Investors usually see red when Wall Street has a “black” day. There have been a number of black days, such as Black Monday, Black Thursday, Black Friday and Black Tuesday.
Even though the various black days have been spread out over centuries, there’s one thing they all have in common. They arrived unexpectedly. If they were expected, they wouldn’t be considered “black.”
In finance, Black Monday refers to Monday, October 19th, 1987. But did you know there were actually three Black Monday’s?
1) Black Monday, October 19th, 1987: The largest one-day percentage decline in recorded stock market history. The Dow plummeted 19.65% in one day.
2) Black Monday, October 28th, 1929: This Black Monday was one in a sequence of black days that ushered in the Great Depression. The Dow Jones (NYSEArca: DIA) closed down 11.70% that day.
3) Black Monday, October 6th, 2008: The Dow Jones (DJI: ^DJI) fell as much as 819 points intraday.
As you can tell, all Black Mondays occurred in October and none of the Black Mondays came announced.
In fact, last year’s October 6th Black Monday came on the heels of a respectable summer rally. The Dow had gained nearly 1,000 points and the much anticipated bailout was expected to fix the financial system.
Just a few days before this Black Monday, the ETF Profit Strategy Newsletter released a special report on financials. This report described the financial sector as a “downward spiral with no stop-loss provision. Within six months of the report, the Financial Select Sector SPDRs (NYSEArca: XLF), iShares Dow Jones US Financial Sector (NYSEArca: IYF), and SPDR KBW Bank ETF (NYSEArca: KBE) had lost 70% of their value.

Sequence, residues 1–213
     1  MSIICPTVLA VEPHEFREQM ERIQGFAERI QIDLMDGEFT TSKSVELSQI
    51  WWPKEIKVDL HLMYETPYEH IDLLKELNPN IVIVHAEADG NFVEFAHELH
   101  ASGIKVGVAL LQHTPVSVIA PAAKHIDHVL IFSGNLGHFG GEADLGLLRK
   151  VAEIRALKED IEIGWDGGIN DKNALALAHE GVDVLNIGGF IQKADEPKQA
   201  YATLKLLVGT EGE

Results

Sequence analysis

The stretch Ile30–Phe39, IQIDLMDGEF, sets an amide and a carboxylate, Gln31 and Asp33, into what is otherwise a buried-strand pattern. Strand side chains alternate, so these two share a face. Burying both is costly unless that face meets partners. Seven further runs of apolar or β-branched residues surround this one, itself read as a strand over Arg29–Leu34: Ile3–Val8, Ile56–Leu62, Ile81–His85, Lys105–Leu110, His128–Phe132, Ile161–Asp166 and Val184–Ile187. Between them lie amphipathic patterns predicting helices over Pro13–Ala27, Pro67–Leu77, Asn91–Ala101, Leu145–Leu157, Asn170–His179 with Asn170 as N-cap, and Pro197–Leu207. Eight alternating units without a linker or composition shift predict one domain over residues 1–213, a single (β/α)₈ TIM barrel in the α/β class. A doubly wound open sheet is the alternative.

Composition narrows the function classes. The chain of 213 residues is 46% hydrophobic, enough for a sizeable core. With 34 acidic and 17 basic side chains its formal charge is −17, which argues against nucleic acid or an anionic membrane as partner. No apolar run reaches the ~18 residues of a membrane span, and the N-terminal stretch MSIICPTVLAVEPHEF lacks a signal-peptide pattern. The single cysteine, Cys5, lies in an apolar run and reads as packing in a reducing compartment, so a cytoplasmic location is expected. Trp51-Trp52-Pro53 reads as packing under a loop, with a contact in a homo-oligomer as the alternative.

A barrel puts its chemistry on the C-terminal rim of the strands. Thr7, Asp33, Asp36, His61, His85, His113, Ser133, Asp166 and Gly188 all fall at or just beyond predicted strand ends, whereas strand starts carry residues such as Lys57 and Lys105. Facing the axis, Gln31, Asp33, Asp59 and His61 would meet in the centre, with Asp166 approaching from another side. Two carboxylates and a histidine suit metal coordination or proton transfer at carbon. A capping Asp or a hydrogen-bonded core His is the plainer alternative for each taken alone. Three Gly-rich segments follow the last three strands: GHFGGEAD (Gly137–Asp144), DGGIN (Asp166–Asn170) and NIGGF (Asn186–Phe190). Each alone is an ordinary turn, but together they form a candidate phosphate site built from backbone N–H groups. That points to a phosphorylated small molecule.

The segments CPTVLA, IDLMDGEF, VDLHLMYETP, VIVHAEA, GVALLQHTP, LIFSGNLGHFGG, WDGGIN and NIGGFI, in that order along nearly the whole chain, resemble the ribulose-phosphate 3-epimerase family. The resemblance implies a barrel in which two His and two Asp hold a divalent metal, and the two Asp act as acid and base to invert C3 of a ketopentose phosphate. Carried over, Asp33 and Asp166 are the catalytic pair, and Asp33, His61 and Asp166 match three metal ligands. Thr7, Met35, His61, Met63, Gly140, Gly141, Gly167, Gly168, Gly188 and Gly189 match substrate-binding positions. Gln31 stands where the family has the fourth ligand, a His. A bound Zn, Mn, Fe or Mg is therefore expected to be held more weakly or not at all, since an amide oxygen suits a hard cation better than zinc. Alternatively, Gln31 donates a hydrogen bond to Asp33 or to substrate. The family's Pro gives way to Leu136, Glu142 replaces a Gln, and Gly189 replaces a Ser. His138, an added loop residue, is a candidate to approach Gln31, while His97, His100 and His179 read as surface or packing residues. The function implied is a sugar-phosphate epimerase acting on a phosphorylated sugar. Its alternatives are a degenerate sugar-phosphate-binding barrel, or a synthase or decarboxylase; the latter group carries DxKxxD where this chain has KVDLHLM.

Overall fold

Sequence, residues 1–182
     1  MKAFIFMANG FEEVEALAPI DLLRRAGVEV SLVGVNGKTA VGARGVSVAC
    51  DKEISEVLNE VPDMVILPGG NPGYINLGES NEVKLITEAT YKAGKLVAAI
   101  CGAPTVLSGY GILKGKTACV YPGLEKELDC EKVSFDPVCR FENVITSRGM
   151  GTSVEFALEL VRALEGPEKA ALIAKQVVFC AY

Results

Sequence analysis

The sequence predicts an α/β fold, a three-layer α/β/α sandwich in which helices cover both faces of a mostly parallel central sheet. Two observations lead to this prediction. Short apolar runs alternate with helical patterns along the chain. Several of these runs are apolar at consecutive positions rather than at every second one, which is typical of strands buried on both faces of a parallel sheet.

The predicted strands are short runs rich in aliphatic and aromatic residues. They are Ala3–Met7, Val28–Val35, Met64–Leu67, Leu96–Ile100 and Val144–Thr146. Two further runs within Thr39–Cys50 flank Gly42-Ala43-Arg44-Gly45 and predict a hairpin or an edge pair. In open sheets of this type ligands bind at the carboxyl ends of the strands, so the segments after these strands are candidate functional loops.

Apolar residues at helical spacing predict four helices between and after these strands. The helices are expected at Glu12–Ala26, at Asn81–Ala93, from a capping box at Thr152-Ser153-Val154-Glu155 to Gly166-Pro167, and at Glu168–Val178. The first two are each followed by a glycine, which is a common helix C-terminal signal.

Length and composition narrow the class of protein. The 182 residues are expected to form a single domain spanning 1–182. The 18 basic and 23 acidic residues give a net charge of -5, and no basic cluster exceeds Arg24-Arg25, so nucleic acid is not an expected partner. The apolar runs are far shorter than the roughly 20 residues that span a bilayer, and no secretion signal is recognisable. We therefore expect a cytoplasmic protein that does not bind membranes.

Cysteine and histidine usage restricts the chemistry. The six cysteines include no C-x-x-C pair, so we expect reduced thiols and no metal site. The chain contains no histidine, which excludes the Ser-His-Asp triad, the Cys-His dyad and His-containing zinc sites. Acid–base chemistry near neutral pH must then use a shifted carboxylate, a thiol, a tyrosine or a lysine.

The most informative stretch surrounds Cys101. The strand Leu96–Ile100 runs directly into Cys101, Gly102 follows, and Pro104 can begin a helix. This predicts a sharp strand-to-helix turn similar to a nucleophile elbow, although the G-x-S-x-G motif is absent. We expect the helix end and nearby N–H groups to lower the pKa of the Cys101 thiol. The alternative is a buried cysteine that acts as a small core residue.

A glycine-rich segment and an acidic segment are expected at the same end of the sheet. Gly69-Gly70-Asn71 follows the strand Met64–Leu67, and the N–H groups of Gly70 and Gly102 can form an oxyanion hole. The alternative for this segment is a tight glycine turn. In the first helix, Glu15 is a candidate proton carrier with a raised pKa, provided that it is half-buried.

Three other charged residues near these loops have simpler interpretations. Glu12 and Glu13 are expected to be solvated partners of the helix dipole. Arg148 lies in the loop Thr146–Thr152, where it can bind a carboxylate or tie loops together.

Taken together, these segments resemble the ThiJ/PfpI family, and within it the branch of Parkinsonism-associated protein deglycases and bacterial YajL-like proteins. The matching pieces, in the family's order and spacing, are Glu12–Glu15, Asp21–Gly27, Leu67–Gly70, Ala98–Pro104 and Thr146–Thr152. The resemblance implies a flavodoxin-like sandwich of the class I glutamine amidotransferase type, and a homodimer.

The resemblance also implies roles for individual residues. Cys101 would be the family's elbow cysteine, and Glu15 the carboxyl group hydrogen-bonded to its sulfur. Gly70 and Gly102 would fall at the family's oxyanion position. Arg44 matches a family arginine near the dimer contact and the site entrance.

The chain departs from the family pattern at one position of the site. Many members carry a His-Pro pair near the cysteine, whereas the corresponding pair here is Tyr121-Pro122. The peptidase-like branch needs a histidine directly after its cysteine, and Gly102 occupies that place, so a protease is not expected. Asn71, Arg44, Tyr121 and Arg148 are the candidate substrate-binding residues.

Are we ripe for another Black Monday?
Seventeenth century French dramatist Pierre Corneille hit the nail on the head when he said that “danger breeds best on too much confidence.”
Confidence in yet higher prices ahead is one of the major ingredients, even requirements , for a black day, whether it’ll be Monday, Tuesday or any other day. The S&P 500 (SNP: ^GSPC) just climbed to a 1-year high on speculation that improving corporate earnings will extend a seven-month rally. The Nasdaq (Nasdaq: ^IXIC) rallied some 70% from its March lows.
According to Bloomberg, the S&P 500 (NYSEArca: SPY) companies are projected to report a ninth straight quarter of declining profits, the longest streak since the Great Depression, before returning to earnings growth in the final three months of the year.
Good job paying attention if you caught the contradiction in the above two paragraphs. Yes, stocks are expected to rise on speculation of improving earnings, even though companies are expected to report a ninth straight quarter of declining profits.
The “new normal”
Below is the formula that describes the “new normal:”
Falling profits = rising stock prices (as long as future projections are positive)
Last week’s big story was Alcoa beating earnings estimates. Alcoa’s earnings per share (EPS) for the third quarter of 2009 were $0.04. Alcoa’s EPS for the first nine months of 2009 was a negative $0.75. As a point of reference, Alcoa’s EPS for 2007 was $2.95. At the end of 2007, Alcoa had a P/E ratio (price divided by earnings) of 11.86. Today, Alcoa has a P/E ratio of: N/A. That’s right, since there are no earnings (“E”), there’s no P/E ratio.
Anybody who’s buying Alcoa (and many other stocks, more about that in a moment) is doing so hoping that earnings will increase. Over the past six trading days, Alcoa has bounced over 10% as investors are hopeful that earnings will improve. Hope has not proven to be a profitable investment strategy. It is, however, a building block for Black Mondays.